Interestingly, more and more governments are looking into blockchain. Not only first world countries like US or Germany, but African and Asian countries as well, who are highly curious about digital currency. Developing countries see the opportunity to skip one cycle in their underdeveloped physical infrastructure, which can be avoided altogether by using blockchain.
Of course, some obstacles are still in the way. Security is, and will always be, an issue. Interpol has studied ways to interfere with Bitcoin creation using botnets and malware. Even so, Bitcoin and blockchain are clearly the inevitable future for the whole world.
Benefits of Blockchain Technology
- As a public ledger system, blockchain records and validates each and every transaction made, which makes it secure and reliable.
- All the transactions made are authorized by miners, which makes the transactions immutable and prevent them from the threat of hacking.
- Blockchain technology discards the need of any third-party or central authority for peer-to-peer transactions.
- Decentralization of the technology.
Bitcoin and Blockchain Timeline
- October 2008 – Publication of a white paper that introduces the Bitcoin to the world, the first application of blockchain. The white paper was published by Satoshi Nakamoto – a pseudonym for an unknown person or group.
- January 2009 – The Genesis Block (Block 0 – the first collection of transactions) is mined. The first Bitcoin transaction takes place between Satoshi Nakamoto and Hal Finney, a developer and cryptographic activist.
- February 2010 – The Bitcoin Market is established as a Bitcoin currency exchange.
- May 2010 – The first Bitcoin purchase takes place: 10.000 Bitcoins are payed for a pizza.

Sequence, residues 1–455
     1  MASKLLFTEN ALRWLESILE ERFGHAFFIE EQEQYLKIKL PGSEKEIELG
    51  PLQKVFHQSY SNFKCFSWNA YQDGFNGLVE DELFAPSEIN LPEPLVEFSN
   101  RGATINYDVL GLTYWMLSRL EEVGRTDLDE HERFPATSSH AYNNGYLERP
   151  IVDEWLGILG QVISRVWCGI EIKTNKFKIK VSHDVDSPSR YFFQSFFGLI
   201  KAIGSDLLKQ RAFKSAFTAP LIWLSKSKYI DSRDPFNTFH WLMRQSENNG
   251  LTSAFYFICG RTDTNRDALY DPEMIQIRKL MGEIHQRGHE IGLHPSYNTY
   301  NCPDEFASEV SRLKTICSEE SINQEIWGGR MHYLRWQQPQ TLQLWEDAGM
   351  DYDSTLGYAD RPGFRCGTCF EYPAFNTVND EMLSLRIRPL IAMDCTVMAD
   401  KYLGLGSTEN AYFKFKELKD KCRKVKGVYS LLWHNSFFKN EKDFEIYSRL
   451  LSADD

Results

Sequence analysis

- January 2011 – 25% of the projected total of almost 21 million Bitcoins generated.
- July 2011 – First NFC Bitcoin transaction carried out.
- June 2012 – Coinbase, a Bitcoin wallet and platform, is founded in San Francisco, California.
- May 2013 – The first Bitcoin ATM in the world is debuted in San Diego, California.
- November 2013 – Space travel becomes possible with Bitcoin as Richard Branson’s Virgin Galactic begins accepting Bitcoin for space travel.
- December 2013 – White paper on what would become the Ethereum Project (a blockchain platform with the ability to build decentralized applications) published.
- January 2014 – Blockchain technology start-ups emerge to introduce blockchain to enterprise companies.
- April 2015 – NASDAQ commits to a blockchain trial. This signals enterprise level validation for the use of blockchains within finance.
- April 2016 – Interest surges in healthcare to connect the industry using blockchain technology.
(Sources: History of Bitcoin, Gem HQ)
- Bitcoin: global cryptocurrency that can be used as a medium of exchange. The bitcoin system works using a blockchain ledger to record transactions.
- Cryptocurrency: a type of digital currency that uses cryptography for security and anti-counterfeiting measures.
- Bitcoin mining: the process by which transactions are verified and added to the blockchain, and also the means through which new bitcoin are released. The mining process involves compiling recent transactions into blocks and trying to solve a computationally difficult puzzle. The participant who first solves the puzzle gets to place the next block on the blockchain and claim the rewards. The rewards, which incentivize mining, are both the transaction fees associated with the transactions compiled in the block as well as newly released bitcoin.
(Sources: Techopedia, Investopedia)